- The Washington Times - Saturday, May 19, 2007

Two actions taken this week by Gov. Martin O’Malley make clear that even in Maryland, one of the most liberal states in the union, politicians are very reluctant to be seen as soft on crime: his veto of legislation that would have made twice-convicted drug dealers eligible for parole after serving just 25 percent of their sentences and his signing of legislation to abolish parole for violent sexual predators. The latter legislation signed into law by Mr. O’Malley implements “Jessica’s Law,” named after Jessica Lunsford, a 9-year-old Florida girl who was kidnapped, raped and murdered by a convicted sex offender.

In mid-March, it appeared that the bill faced an uphill battle — to put it mildly. Senate President Mike Miller was not a supporter, and Sen. Brian Frosh, chairman of the Senate Judicial Proceedings Committee, was strongly opposed to the bill. But Mr. Frosh overplayed his hand, forcing Mark Klaas, the father of a murdered child who had come from out of state to testify in support of the legislation, to cool his heels for nearly five and a half hours while the committee dealt with less important bills. Mr. Miller was properly outraged by this behavior, and he forced Mr. Frosh to permit the bill to be voted out of committee and come to the Senate floor, where it passed on a 43-3 vote.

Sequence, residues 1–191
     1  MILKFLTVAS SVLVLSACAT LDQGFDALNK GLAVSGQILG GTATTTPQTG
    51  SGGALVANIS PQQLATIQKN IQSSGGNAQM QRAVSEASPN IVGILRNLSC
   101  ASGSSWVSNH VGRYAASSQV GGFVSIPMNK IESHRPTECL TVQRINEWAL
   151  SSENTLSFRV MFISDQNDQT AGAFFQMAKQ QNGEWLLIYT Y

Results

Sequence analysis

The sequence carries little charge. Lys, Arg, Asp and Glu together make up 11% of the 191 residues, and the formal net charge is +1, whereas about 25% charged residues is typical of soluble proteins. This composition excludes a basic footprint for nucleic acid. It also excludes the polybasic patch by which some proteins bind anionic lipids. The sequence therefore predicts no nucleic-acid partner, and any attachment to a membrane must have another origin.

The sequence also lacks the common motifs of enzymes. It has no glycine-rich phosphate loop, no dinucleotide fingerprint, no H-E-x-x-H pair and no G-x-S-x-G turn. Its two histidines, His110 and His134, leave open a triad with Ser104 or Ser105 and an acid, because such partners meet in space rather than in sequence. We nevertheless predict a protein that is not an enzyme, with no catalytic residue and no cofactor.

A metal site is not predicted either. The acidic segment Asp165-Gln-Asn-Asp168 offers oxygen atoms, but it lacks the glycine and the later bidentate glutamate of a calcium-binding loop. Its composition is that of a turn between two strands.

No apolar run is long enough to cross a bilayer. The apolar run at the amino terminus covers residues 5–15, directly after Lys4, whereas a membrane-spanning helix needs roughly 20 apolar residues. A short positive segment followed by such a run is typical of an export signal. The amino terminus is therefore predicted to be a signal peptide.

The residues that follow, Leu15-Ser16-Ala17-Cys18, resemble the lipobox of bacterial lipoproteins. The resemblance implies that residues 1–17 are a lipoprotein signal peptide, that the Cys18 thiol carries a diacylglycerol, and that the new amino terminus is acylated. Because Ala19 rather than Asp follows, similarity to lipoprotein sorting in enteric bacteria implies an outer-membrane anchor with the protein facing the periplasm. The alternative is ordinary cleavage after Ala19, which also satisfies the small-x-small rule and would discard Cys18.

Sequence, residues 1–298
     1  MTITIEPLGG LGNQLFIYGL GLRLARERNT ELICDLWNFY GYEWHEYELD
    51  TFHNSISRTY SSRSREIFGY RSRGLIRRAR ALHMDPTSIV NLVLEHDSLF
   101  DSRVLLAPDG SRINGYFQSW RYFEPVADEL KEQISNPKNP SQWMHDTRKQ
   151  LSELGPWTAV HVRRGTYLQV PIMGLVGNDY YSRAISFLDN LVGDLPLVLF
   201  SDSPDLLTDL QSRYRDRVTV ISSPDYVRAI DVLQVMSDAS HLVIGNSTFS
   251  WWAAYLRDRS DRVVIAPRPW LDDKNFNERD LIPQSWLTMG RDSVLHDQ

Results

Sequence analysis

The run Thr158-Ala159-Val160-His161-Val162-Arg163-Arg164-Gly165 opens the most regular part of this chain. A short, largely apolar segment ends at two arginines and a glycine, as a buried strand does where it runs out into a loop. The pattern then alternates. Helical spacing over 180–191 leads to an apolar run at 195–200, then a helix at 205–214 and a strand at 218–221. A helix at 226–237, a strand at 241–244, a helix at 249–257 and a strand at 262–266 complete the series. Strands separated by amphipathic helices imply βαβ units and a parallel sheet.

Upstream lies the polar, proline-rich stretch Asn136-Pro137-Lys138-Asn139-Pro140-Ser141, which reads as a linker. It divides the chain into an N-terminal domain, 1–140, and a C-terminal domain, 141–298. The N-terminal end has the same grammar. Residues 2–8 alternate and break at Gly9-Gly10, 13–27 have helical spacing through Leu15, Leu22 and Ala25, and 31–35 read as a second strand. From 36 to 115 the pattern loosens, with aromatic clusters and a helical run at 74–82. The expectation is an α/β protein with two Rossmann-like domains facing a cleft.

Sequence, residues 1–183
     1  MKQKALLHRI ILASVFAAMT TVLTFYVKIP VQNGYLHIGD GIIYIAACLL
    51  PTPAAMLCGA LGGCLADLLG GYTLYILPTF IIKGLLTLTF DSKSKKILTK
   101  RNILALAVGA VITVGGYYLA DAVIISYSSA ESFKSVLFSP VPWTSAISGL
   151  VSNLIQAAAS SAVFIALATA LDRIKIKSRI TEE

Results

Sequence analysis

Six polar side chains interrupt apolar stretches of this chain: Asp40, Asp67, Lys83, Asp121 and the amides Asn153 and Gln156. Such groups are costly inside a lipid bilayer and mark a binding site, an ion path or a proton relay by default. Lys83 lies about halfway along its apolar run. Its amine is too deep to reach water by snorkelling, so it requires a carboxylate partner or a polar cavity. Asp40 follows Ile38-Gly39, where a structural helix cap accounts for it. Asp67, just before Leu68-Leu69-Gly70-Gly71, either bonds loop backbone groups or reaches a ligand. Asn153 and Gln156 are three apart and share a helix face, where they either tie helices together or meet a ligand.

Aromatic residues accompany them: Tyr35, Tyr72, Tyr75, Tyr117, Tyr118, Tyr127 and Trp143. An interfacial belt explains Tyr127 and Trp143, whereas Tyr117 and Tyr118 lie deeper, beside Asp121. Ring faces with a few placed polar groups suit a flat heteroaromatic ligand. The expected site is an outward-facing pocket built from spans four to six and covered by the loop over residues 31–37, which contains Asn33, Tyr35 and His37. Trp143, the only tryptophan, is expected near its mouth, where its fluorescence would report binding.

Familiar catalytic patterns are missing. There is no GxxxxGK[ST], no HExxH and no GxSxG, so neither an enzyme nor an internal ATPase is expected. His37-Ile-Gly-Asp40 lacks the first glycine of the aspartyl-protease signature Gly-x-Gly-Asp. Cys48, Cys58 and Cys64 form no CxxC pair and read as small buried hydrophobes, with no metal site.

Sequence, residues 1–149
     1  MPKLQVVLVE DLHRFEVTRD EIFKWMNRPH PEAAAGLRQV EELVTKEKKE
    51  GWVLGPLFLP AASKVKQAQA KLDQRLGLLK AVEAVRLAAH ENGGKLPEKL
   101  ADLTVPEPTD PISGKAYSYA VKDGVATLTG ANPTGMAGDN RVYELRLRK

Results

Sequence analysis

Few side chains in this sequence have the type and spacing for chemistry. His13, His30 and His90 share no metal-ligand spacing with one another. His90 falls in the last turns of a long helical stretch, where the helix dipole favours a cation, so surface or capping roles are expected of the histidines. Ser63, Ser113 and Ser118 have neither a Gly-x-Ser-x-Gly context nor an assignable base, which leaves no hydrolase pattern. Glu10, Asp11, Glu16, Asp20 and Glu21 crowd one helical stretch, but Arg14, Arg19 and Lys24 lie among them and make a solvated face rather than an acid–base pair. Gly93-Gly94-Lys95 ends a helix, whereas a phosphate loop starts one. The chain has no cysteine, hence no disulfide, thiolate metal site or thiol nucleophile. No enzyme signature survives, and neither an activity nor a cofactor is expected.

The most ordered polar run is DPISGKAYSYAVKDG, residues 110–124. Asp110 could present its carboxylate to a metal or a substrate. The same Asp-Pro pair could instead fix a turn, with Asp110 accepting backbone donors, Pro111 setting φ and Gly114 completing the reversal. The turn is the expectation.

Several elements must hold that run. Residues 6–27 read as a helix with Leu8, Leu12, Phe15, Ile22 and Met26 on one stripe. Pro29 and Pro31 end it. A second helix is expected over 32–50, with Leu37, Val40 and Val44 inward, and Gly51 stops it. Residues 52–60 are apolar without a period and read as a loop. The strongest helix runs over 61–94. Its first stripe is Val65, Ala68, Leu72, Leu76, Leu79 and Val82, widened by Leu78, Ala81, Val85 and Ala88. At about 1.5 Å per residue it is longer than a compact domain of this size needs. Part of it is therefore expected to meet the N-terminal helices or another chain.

But the bill still faced an uphill fight in the House of Delegates, where Judiciary Committee Chairman Joseph Vallario was strongly opposed. (Mr. O’Malley had not taken a position, but last year Lt. Gov. Anthony Brown, arguably the governor’s closest political ally, had joined Mr. Vallario in opposing enactment of “Jessica’s Law” while serving in the House of Delegates.) Then, in the wake of an intense campaign launched by a grass-roots organization called Citizens for Jessica’s Law in Maryland, with substantial assists from local talk radio and Fox New Channel’s Bill O’Reilly, the opposition suddenly collapsed. Mr. Vallario convened the Judiciary Committee and passed the bill. When it was debated and approved unanimously by the full House a few days later, Mr. Vallario sounded like it was his idea to start with.

Under the parole-for-drug dealers bill, twice-convicted traffickers who had not committed violent crimes would be eligible for parole after serving a quarter of their mandatory 10-year sentence. The reduced sentences for drug dealers, which passed the House by a narrow five-vote margin, were one of the top priorities for the Legislative Black Caucus, which comprises many of the governor’s strongest supporters. But Mr. O’Malley, saying he regarded drug dealing as a “violent crime” because of the human suffering it creates, vetoed the bill.

So, in one of the most liberal states in the country, a Democratic governor and a Democrat-dominated legislature joined forces to abolish parole for violent sex offenders, and that same Democratic governor has vetoed a bill to provide parole for drug dealers. When it comes to crime, there apparently are some limits to the appeal of orthodox, one-party liberalism in Maryland.

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